I obtained a copy of Benton Harbor"s Water Asset Management Plan to see if it answers any of my questions. The 2017 WAMP includes a copy of a 2008 inspection report for the elevated tank.Based on the information to which I have access, I want to raise concerns about the current tank project. I see that the tank rehabilitation project has the potential to increase lead exposure in an already vulnerable environment justice population, it is not economically sustainable over the medium to long term , and the decision to undertake it was made years ago and does not consider current circumstances
Public Health circumstances in Benton Harbor and availability of infrastructure funding have changed substantially since the 2017 Benton Harbor Water Asset Management Plan. It is important to take a moment to consider stopping the immediate course of action and changing course to designing and building a new tank. This action , though extraordinary, may have the out come of protecting public health, spread money more efficiently , and more rapidly meeting the water quality needs of the residents of Benton Harbor.
The following discussion summarizes my observations, concerns, and questions regarding the current tank rehabilitation project.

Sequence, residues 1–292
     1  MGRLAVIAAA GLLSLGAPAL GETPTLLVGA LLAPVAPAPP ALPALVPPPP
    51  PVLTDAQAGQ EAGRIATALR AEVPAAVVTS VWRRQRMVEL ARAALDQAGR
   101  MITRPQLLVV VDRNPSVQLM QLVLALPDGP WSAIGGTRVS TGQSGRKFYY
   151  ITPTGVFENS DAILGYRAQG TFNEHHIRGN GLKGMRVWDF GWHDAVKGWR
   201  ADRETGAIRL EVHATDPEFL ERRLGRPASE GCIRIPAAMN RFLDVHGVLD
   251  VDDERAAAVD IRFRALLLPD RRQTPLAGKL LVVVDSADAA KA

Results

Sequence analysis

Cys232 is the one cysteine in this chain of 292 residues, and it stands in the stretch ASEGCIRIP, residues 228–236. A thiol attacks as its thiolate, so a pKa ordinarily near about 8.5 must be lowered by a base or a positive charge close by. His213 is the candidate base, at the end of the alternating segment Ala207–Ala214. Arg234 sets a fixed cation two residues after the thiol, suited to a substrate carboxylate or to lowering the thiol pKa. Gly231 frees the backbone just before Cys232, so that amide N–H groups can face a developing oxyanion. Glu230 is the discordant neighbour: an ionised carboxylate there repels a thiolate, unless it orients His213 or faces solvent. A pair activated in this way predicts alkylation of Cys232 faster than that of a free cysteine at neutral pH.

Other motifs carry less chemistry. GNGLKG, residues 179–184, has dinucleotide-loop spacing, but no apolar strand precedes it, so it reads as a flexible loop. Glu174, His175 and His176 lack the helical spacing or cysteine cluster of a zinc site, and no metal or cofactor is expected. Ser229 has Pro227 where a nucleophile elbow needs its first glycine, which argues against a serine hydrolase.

The 2008 tank inspection report does not identify the lead paint/lead dust risk from the original 1962 coating, but it says that the 1990 coating is lead free. Where the tank assessment discusses the option of scouring the surface, it merely presents the cost of sandblasting with containment , but it doesn't explain the range of potential risks that the containment system is protecting from. The potential for lead exposure is not identified as a risk associated with the work. I do not if anyone in Benton Harbor has had the opportunity to consider its full implications, especially how this potential lead exposure layers on top of the three consecutive years of lead action level exceedances in the drinking water which were unknown at the time of the 2017 Water Asset Management Plan.
The 2008 inspection report identifies the myriad and water quality issues that need to be resolved with the old tank , the safety deficiencies based on current code (3 updates since original construction) and "The age and design of this tank with its lattice legs , structs , sway rods , and riveted construction make it very expensive to maintain compared to modern tanks". I'm sure the number of issues has only increased since 2008, but additional deficiencies are not identified in the 2017 plan.
From my brief read, it looks like Benton Harbor is investing a minimum of $400 k in a tank they know must be replaced for $ 3 million within the next 20 years with the unidentified consequence of potentially exposing the entire city to lead dust.
The $319 K rehab estimate in the 5 year plan does not include the sandblasting which is estimated at $375 K. Since I do not know the scope of the current tank rehab contract and whether that contract addresses all the deficiencies identified in the 2008 report. It's possible that the current contract could be for much more than $600 K given the extent of deficiencies identified in the 2008 report, thus making the funding even more difficult to raise in the future with more effective , modern tank in the future. The net results will be an even greater burden on rate payers for water quality and reliability that they need now.